June 5, 2017

Gestures Alone Are Not Considered to be Criminal Threats.

Under Penal Code Section 422, it is a crime to threaten infliction of great bodily injury or death on another “with the specific intent that the statement, made verbally, in writing, or by means of an electronic communication device, is to be taken as a threat . . . .” (Pen. Code, § 422, subd. (a).). 

EasternPromisesIn People v. Gonzalez, a group of off-duty police officers were sitting by the window in a restaurant. Several men with gang tattoos who were also dining at the restaurant stared the officers in a “confrontational way.” The tattooed men then left the premises. As they drove off, the SUV stopped next to the window.  Defendant made a gang hand sign and manually simulated a pistol pointed upward.  The officers considered the pistol gesture a threat.  The SUV driver then ran finger across his neck, made a hand sign, and simulated a gun, which he pointed at the officers.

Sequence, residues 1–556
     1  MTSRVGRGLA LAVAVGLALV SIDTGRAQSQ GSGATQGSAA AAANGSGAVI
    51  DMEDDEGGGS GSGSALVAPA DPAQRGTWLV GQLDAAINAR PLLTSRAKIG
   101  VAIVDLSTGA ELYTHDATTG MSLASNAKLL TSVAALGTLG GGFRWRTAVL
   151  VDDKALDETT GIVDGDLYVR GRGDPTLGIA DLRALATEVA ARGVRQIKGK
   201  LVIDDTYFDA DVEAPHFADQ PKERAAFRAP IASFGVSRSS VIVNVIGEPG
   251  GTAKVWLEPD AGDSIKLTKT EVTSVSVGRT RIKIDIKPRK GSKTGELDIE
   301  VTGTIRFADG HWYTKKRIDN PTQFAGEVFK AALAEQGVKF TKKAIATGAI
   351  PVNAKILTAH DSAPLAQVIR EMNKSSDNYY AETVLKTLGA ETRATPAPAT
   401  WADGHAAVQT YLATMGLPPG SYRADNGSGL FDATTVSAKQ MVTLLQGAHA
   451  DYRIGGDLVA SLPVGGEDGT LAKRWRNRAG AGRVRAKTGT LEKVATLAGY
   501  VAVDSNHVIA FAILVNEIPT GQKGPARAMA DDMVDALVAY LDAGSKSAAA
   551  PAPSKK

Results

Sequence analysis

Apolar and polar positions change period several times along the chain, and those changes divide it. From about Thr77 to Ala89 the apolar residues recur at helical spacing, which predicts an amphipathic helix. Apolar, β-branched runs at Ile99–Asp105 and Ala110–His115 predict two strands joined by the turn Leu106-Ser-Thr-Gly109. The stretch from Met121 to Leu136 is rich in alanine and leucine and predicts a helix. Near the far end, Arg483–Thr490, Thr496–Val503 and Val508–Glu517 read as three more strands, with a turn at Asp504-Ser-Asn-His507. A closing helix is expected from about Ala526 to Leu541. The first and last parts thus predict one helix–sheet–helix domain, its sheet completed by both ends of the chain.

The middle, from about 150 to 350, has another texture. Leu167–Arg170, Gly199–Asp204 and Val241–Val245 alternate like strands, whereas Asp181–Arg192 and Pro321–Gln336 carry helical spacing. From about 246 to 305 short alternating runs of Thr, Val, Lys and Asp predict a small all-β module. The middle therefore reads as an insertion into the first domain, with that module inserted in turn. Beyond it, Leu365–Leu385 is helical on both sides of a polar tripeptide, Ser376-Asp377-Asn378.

Because the gestures were not conveyed in “writing” or “by means of electronic communication device”, the sole issue is whether they constitute a statement made “verbally.” Now the question becomes, what does “verbal” mean? While the words verbal and oral are closely related. Verbal connotes the use of words. Oral means spoken in the sense that the mouth is used to articulate words and sounds. 

Defendant states that he did not communicate “verbally” because he neither made a statement orally nor did he use any words. Government argues that “made verbally” does not require an element of sound, and defendant’s gestures were “clearly example of verbal communication” because a “word can be spoken without sound.”

The Court looked over several amendments to the statute, which at one point included language: “…statement is to be taken as a threat.” “Statement” was later defined as oral, written verbal expression, or nonverbal conduct. In 1998, the legislature amended the statute to include “electronic communication,” to combat an increase in cuber-stalking cases. The Court further stated that a statute defining “terrorist threats” clearly knew that verbal excluded non-verbal conduct.  The legislature knows how to make a statutes applicable to nonverbal communications, and it did not do it here. 

There is no doubt that the conduct the defendant engaged in was threatening, however it falls outside the statute because it was a non-verbal conduct. 

If you’d like to read the full text of the case, click here.